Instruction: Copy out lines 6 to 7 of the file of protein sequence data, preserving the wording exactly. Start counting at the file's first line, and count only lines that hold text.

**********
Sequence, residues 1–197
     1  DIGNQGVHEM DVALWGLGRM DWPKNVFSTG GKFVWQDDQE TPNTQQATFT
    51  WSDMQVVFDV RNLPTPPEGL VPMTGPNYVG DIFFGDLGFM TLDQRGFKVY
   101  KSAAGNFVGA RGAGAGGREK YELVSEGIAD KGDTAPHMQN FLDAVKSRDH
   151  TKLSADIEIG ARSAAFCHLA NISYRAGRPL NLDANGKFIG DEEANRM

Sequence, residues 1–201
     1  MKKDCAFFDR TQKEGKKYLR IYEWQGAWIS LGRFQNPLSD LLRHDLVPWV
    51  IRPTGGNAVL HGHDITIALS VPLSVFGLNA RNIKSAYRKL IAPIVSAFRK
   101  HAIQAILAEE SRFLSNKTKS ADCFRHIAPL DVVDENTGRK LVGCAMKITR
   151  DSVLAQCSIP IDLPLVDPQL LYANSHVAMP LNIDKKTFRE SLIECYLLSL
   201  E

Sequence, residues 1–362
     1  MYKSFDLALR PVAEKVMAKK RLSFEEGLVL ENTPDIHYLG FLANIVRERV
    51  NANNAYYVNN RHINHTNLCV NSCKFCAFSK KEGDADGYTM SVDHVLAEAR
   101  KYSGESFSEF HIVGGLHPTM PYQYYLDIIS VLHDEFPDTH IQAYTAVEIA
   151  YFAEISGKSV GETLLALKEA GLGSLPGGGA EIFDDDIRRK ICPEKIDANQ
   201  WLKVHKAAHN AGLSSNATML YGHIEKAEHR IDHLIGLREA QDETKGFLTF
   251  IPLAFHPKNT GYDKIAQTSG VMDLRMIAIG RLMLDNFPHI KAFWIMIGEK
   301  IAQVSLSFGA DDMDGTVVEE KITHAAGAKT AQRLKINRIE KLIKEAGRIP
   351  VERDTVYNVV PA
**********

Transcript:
Sequence, residues 1–201
     1  MKKDCAFFDR TQKEGKKYLR IYEWQGAWIS LGRFQNPLSD LLRHDLVPWV